As someone who writes about IT security, I like to think I can recognize digital trouble when I see it. Recent events suggest that’s not the case.

Case in point

Last week, I received a call from a company vice president traveling in Sweden. “Yes sir, how can I help?” I asked after mandatory discussion on the likelihood of a new football stadium for the Vikings. “Just wanted to check,” he replied. Bless him. “TeamViewer is asking to update. Should I allow it?”

I was about to say sure. But, I stopped short. Why hadn’t my computer mentioned anything about updating? I’ve been using TeamViewer all day. In what some would call a “CYA” move — I prefer “discretion is the better part of valor” — I told the vice president to wait until he got back; something seemed wrong.

What’s up?

After I got off the phone, I tried to update TeamViewer on several notebooks that haven’t been used recently — all were up-to-date.

Okay, something’s funky.

None of my IT cohorts were aware of any issues. Fortunately, friend and fellow journalist, Brian Krebs was. His post: FBI: Updates Over Public ‘Net Access = Bad Idea pointed me in the right direction. In the post, Brian referred to this FBI E-Scam and Warning newsletter:

“Recently, there have been instances of travelers’ laptops being infected with malicious software while using hotel Internet connections. In these instances, the traveler was attempting to set up the hotel room Internet connection and was presented with a pop-up window notifying the user to update a widely used software product.”

My gamble to have the vice president wait was fortunate indeed. The FBI alert continues:

“If the user clicked to accept and install the update, malicious software was installed on the laptop. The pop-up window appeared to be offering a routine update to a legitimate software product for which updates are frequently available.”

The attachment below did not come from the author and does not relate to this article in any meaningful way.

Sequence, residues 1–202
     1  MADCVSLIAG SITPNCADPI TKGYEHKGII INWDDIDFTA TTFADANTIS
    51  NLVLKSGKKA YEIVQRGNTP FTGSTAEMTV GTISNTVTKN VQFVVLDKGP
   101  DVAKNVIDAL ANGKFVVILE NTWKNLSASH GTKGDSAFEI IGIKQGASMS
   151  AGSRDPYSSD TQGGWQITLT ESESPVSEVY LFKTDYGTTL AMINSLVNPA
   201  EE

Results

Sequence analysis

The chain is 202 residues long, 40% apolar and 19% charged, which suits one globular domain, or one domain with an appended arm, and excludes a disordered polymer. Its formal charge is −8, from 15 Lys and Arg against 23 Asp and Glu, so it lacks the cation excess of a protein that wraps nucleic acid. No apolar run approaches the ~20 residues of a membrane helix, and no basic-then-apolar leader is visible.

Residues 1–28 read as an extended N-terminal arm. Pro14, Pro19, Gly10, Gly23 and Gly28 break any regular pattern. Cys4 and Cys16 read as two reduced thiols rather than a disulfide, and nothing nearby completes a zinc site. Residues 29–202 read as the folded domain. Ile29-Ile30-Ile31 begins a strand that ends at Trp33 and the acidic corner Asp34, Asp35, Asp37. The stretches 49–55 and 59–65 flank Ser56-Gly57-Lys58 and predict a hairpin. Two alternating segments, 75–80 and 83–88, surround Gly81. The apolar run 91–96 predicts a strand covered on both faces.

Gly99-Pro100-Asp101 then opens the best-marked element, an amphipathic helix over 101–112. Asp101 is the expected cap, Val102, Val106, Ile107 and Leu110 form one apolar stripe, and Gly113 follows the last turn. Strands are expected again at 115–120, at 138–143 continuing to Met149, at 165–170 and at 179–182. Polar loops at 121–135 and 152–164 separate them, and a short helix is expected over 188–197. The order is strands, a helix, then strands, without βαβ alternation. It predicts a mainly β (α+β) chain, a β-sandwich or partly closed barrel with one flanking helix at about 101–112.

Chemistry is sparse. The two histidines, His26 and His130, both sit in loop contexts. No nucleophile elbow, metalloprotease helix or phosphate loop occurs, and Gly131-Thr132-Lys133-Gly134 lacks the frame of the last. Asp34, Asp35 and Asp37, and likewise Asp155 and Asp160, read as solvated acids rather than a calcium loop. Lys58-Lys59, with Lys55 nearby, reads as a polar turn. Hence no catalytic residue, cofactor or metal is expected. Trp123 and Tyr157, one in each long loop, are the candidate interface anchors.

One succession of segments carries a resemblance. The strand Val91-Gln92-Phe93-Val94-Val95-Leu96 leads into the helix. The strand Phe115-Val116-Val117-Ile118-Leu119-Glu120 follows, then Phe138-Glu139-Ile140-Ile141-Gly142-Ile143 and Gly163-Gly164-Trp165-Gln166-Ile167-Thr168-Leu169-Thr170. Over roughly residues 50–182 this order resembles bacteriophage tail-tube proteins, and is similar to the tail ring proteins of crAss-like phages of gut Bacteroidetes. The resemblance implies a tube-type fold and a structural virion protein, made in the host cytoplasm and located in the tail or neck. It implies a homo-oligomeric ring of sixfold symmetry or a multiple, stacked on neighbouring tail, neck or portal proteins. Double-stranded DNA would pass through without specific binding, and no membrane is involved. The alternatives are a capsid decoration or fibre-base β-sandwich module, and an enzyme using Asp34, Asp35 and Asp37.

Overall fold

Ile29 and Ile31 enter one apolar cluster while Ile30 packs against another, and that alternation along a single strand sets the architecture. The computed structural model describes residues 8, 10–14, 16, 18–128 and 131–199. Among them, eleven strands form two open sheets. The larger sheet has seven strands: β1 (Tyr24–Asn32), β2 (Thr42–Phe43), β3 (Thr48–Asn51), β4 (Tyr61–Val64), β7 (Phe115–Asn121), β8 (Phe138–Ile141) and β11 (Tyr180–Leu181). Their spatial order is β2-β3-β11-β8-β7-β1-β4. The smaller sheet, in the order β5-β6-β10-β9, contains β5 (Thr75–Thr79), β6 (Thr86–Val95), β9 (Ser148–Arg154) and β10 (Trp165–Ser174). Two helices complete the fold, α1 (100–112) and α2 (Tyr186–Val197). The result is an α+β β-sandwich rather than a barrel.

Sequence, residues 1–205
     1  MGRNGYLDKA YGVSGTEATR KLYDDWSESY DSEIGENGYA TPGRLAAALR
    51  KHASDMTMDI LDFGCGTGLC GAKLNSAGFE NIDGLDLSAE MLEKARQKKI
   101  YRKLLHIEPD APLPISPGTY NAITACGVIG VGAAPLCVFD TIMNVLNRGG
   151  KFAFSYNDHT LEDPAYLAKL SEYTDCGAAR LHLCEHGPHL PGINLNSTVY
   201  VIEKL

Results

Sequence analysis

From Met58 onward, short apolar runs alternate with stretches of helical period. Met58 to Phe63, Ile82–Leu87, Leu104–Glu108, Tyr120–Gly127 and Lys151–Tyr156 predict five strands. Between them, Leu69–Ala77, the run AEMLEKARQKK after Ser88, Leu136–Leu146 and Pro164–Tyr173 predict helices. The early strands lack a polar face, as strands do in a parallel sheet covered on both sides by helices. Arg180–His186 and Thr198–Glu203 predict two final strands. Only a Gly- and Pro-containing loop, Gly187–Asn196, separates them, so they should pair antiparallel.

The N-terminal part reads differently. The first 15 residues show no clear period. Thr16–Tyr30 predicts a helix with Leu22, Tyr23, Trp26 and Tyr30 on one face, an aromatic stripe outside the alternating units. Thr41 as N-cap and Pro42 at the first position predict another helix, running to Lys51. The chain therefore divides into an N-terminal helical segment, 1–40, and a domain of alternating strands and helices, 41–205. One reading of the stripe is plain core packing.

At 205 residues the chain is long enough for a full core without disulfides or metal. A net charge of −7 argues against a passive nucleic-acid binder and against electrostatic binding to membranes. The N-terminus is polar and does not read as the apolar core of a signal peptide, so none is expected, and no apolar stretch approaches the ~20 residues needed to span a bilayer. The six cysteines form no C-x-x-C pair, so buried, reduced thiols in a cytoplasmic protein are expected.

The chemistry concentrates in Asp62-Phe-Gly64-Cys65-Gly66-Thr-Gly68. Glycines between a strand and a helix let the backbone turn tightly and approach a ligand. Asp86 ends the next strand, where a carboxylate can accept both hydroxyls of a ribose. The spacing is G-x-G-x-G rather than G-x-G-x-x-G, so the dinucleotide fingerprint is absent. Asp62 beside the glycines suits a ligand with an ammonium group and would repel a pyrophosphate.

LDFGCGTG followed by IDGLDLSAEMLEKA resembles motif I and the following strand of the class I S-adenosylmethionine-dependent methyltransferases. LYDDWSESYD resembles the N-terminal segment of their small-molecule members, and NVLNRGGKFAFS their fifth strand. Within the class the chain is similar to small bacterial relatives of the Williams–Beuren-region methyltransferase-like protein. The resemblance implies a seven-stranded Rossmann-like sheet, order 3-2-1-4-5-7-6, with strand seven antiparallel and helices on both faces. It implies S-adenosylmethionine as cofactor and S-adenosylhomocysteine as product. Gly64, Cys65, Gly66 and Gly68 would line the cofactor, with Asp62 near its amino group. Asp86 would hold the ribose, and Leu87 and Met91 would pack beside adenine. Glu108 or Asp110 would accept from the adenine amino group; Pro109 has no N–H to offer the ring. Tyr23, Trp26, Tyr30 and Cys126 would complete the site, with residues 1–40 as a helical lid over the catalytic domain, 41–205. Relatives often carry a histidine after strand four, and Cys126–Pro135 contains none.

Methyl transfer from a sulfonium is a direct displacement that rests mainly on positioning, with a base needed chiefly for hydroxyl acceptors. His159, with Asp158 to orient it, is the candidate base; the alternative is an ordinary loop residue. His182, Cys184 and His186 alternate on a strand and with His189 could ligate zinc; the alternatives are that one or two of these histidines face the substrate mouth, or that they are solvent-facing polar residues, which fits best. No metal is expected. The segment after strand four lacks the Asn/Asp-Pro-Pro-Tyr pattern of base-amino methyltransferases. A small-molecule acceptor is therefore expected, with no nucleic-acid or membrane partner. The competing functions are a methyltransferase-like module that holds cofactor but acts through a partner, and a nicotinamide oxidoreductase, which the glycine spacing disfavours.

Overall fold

Sure sounds like what happened to the vice president. If that’s not bad enough, Brian mentioned something equally troubling in his post:

“Bear in mind that false update prompts don’t have to involve pop-ups. I’ve written about Evilgrade, a toolkit that makes it simple for attackers to install malicious software by exploiting weaknesses in the auto-update feature of many popular software titles.”


Evilgrade takes it a step further. If applications have permission to auto-update, it’s possible for Evilgrade to hijack the auto-update feature, install malware instead of an official update, and the user is none the wiser.

Francisco Amato, the creator of Evilgrade mentions how the attack starts:

“This framework comes into play when the attacker is able to redirect traffic in one of the following ways: DNS tampering, DNS Cache Poisoning, ARP spoofing, Wi-Fi Access Point impersonation, or DHCP hijacking.”

Remember the FBI alert referring to hotel Internet connections? Attack tools like Evilgrade are the reason. Unlike company networks, public networks at hotels and cafes — particularly ones with open-access — aren’t secure, thus perfect for setting up one of the above attacks.

Vulnerable applications

Surprisingly, a way to defeat malware like Evilgrade already exists — digital signatures. And some companies already use them extensively. For example, if a Microsoft-based computer does not receive the correct digital signature with an update, a window similar to the following slide will pop-up.

Unfortunately, not all app developers integrate digital signatures. And just our luck, the bad guys know which they are. Notice that TeamViewer is on the list:

  • iTunes
  • Java
  • Opera
  • Quicktime
  • Safari
  • Skype
  • Teamviewer
  • Vmware
  • Winamp

If curious, the Readme.txt for Evilgrade has a more comprehensive list of vulnerable applications. Amato also created a YouTube video demonstrating how Evilgrade works.

What to do?

About a year ago, Brian came up with his “Three Basic Rules for Online Safety,” it might be a good time to review the first rule: If you didn’t go looking for it, don’t install it! Brian explains:

“If you must update while on the road, make sure that you initiate the update process. Avoid clicking pop-up prompts or anything that looks like it was launched from an auto-updater. When in doubt, always update from the vendor’s website.”

Final thoughts

I got lucky this time. I still need to thoroughly scan the vice-president’s notebook — even though he didn’t allow the update. The notebook was under attack and the second wave might have been Evilgrade.